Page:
What is the all-encompassing concept that one can take from this book? This novel seems to identify two different types of “populations”, or “cultures”, that we often look at—the population of disability, as well as the population of queer sexuality. In Galloway’s case, both of these worlds collide, and it is interesting to see how both of these identities play out for her. In Galloway’s life, I think, her disability played more of a role in the conflicts of her life than her sexuality. Indeed, there wasn’t actually any mentioned problem with her sexuality besides coming out to her parents (which turned out better than she had expected), and her own personal frustrations to be able to sexually express herself. Her being deaf, however, was the ultimate contributor to her story and how she came to be. If this book didn’t happen to be used for a Queer Literature class, one might be more apt to focus on the conflict of her disability than her sexuality. Her disability did complicate her sexuality, which is important to note as it is also for this reason that her disability takes a dominate role in the memoir as an internal conflict. There was actually one sex scene where she talked about engaging with other women, and it wasn’t until she changed the position of her face to watch what her partner was saying that Galloway was able to adjust and get into the groove of what was going on so as to please her partner (see page 130), and even then the other woman usually would switch positions and take over being on top.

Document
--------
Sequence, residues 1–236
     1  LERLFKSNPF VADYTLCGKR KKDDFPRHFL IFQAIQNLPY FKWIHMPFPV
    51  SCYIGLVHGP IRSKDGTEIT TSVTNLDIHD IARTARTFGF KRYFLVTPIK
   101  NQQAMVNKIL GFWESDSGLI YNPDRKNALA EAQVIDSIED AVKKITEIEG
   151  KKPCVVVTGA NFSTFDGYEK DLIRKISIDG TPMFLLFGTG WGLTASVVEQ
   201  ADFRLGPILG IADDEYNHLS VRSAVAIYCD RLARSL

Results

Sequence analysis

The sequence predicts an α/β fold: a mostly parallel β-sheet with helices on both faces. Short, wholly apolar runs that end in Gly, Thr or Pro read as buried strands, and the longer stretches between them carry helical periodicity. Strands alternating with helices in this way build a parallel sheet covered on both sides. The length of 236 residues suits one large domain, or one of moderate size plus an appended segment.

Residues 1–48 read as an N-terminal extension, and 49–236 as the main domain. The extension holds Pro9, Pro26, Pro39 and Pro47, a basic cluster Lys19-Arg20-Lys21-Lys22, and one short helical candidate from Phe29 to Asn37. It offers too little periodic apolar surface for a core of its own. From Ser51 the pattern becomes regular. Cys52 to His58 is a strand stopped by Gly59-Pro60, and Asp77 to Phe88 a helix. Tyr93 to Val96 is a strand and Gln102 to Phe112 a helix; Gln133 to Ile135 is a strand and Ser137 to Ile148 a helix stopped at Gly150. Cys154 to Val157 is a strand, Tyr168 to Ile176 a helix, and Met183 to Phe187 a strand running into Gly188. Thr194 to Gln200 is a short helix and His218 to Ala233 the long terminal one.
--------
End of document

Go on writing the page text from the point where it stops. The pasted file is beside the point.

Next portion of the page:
It is interesting to think that something like a disability could make someone completely different from the rest of the population. We perceive sexuality to act the same way because the choices of sexual excursion are what make queer people different from the rest of the population. But sexual behavior and need is innate, whereas disabilities are usually physical hindrances, including being deaf, blind, paralyzed, or even mentally impaired in some kind of way. These physical instances are something that cannot be changed, compared to how up until  recently it seems that psychologists thought that they could change the minds of the queer patients they are given to become a “normal heterosexual” like the rest of the population.